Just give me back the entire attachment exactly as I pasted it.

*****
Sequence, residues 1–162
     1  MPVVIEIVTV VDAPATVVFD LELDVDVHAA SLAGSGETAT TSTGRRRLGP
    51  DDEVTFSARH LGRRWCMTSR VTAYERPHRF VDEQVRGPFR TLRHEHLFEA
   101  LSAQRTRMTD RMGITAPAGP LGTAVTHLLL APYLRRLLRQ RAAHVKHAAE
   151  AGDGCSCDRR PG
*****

Sequence, residues 1–162
     1  MPVVIEIVTV VDAPATVVFD LELDVDVHAA SLAGSGETAT TSTGRRRLGP
    51  DDEVTFSARH LGRRWCMTSR VTAYERPHRF VDEQVRGPFR TLRHEHLFEA
   101  LSAQRTRMTD RMGITAPAGP LGTAVTHLLL APYLRRLLRQ RAAHVKHAAE
   151  AGDGCSCDRR PG